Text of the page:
IBM says that more than four billion records were leaked online in 2016, including a mix of credit card data, passwords and personal health information. The number of different bits about people’s private lives leaked online last year were up from 600 million exposed records in 2015, and one billion exposed records in 2014.
A hallmark of 2016 though was an abundance of data from sources other than databases, such as email, documents, intellectual property and source code, otherwise known as ‘unstructured data’
“Unstructured data is big-game hunting for hackers and we expect to see them monetize it this year in new ways,” said Caleb Barlow, vice president of Threat Intelligence at IBM Security.
Let year's bumper headline figure for leaked records was a consequence of firms disclosing old breaches after their belated discovery. Large portions of the personal data discovered to have ben public in 2016 were actually being shared among cybercriminals for several years. In some cases the exact date of the breach is not known.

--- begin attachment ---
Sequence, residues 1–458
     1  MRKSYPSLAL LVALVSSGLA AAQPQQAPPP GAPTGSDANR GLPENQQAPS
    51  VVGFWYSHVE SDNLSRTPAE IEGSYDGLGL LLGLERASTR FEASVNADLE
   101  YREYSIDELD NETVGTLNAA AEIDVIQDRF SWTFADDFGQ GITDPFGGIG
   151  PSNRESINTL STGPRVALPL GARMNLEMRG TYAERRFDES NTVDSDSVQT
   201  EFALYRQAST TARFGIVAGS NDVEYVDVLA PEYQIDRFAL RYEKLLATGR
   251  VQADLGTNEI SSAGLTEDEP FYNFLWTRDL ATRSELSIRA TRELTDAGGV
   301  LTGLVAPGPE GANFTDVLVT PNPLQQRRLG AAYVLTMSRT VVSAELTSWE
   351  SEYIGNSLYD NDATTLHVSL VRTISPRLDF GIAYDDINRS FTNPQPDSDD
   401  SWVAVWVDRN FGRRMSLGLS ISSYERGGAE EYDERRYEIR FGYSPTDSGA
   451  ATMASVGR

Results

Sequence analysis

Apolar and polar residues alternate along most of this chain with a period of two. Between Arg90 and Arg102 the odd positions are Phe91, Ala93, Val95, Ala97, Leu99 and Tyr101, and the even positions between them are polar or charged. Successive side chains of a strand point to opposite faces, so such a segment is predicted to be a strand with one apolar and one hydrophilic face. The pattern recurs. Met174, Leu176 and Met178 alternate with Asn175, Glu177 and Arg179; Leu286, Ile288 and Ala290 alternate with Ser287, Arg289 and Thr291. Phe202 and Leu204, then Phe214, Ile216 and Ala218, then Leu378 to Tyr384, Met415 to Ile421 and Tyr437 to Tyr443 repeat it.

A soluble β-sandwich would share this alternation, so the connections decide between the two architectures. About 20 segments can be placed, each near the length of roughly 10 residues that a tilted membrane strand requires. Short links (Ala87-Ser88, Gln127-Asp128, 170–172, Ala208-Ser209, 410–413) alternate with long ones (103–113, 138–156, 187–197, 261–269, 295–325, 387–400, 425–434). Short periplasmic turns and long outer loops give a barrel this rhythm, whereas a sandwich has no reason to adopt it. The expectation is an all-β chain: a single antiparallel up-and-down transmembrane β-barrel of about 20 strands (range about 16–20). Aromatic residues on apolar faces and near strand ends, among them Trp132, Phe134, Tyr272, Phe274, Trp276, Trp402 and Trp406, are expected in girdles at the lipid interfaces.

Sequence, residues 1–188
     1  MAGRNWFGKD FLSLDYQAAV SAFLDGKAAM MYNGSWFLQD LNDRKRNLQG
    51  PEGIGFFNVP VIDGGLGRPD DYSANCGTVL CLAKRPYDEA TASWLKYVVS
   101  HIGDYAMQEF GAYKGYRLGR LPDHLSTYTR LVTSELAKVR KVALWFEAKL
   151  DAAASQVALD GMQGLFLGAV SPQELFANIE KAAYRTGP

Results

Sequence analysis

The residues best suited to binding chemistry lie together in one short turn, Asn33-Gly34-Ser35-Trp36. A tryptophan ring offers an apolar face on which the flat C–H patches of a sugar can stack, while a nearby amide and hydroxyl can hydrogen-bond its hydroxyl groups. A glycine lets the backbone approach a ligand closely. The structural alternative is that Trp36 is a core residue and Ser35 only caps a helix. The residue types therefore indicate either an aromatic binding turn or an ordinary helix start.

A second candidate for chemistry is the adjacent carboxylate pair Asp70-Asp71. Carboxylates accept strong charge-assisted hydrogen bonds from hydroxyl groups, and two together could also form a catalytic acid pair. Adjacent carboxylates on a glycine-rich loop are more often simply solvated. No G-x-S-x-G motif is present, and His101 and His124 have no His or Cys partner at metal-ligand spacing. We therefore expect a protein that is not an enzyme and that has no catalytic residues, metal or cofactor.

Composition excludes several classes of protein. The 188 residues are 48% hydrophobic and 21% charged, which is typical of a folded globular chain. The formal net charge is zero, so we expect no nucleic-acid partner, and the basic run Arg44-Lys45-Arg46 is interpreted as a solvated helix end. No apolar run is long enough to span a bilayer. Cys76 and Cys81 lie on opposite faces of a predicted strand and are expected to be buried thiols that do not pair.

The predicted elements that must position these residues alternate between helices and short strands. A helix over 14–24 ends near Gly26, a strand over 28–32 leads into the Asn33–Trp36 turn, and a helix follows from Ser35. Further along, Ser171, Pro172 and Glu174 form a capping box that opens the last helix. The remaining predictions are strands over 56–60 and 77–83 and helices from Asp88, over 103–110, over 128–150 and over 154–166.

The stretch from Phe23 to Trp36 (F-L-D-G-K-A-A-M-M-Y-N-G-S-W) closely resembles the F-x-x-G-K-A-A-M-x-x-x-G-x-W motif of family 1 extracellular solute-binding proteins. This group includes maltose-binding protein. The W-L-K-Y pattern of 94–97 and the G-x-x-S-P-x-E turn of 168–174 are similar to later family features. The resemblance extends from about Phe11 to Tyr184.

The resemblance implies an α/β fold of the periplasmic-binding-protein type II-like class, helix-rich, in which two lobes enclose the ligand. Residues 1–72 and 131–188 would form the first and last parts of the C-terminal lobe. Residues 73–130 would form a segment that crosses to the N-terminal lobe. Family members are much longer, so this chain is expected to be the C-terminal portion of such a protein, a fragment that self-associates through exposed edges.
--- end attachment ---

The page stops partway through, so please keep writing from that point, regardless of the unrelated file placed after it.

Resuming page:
The most significant discovery in 2016 came with Yahoo’s admission that hackers managed to grab 500 million credentials in 2014, and one billion records in 2013. Other aging breaches disclosed in 2016 that occurred in years prior affected 117 million LinkedIn users, and tens of millions of Dropbox and last.fm users.
While the leaks are old, and might therefore be dismissed as irrelevant, the danger lies in the fact that people tend to keep using old passwords for years. Compounding this risk is that online companies back then used hashing algorithms, such as MD5, that today can’t withstand password cracking attempts using modern chips.
“Many Internet giants previously used easy-to-crack hashing algorithms such as MD5. The result is that there are billions of email and plain-text password combinations available for those interested in purchasing them—and many of these parties have successfully used these credentials to hijack accounts on other sites and services,” IBM notes.
Due to mass password leaks in recent years, cybercriminals have gained access to a solid list of commonly used passwords that can be used to enhance cracking attempts. IBM recommends that any firm that has an online signup process reject common passwords.
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